Malaysia’s Gavin Green believes a top-40 result at the Asian Tour Qualifying School Final Stage presented by Sports Authority of Thailand will jump start his career.
The big-hitting 22-year-old, who created headlines when he became the first amateur to win on the Asian Development Tour (ADT) in 2014, is aiming for a successful debut at the Qualifying School, which starts on Wednesday.
“The game’s quite solid. I saw my coach, Chris O’Connell, in the United States recently and we worked on a few stuff like getting my shots more consistent and hitting it more solid. It’s been six months since I last saw him. I had a much-needed break as well and I am glad to be back here, all ready to go,” said Green.
Green, who joined the professional ranks last June, admitted it took him some time to get used to the transition from being an amateur to a professional. He, alongside 244 other players, will aim for successful outings at Qualifying School, where the top-40 and ties earn an Asian Tour card for the 2016 season.
“There are a lot of good players out here. It’s not going to be easy but if I can play some good golf, I should have a good chance. Winning on the ADT before does give me some confidence but it’s pretty different now as I’ve turned professional since. It took a bit of getting used to but I have learnt to pace myself through and not exert too much stress on myself,” added Green.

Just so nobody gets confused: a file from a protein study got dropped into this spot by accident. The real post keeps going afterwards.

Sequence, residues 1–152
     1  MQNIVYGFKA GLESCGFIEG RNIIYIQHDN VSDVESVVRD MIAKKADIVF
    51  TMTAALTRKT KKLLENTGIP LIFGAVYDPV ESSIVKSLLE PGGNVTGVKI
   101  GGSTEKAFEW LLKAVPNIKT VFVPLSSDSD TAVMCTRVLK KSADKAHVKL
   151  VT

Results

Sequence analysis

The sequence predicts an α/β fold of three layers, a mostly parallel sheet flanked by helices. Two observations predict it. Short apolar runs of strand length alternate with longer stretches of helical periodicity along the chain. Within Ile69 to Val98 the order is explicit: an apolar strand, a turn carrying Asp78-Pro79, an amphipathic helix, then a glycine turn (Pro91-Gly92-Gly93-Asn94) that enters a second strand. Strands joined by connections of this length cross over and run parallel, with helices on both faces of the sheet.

Retired professional tennis player and golf amateur Paradorn Srichaphan of Thailand will also attempt to make the grade at the Qualifying School.
“This is my first time playing in the Asian Tour Qualifying School. I am very happy to get the opportunity to play here. I think making the mark at the Qualifying School will a great step forward if I want to turn professional. It will be a good start for me,” said Paradorn.
Paradorn, nicknamed ‘Ball’, was the first men’s singles player from Asia to be ranked inside top-10 of the ATP (Association of Tennis Professionals) rankings, where he reached a career high world number nine. He hopes to enjoy the same success on the golf course this week.
“Golf is really different from tennis. It is more difficult on the mental side. You’re not always playing against other players. Sometimes you’re just trying to beat yourself. I will just treat this as another tournament. I will play my own game, keep to my routine and stay positive,” added Paradorn, who resides in Pattaya.